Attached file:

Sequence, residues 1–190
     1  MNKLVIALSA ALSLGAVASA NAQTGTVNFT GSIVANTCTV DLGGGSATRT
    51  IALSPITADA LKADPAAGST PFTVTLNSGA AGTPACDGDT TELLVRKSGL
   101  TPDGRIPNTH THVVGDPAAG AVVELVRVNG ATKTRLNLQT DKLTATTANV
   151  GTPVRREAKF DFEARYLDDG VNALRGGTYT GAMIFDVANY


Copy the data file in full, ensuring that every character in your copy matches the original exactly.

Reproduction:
Sequence, residues 1–190
     1  MNKLVIALSA ALSLGAVASA NAQTGTVNFT GSIVANTCTV DLGGGSATRT
    51  IALSPITADA LKADPAAGST PFTVTLNSGA AGTPACDGDT TELLVRKSGL
   101  TPDGRIPNTH THVVGDPAAG AVVELVRVNG ATKTRLNLQT DKLTATTANV
   151  GTPVRREAKF DFEARYLDDG VNALRGGTYT GAMIFDVANY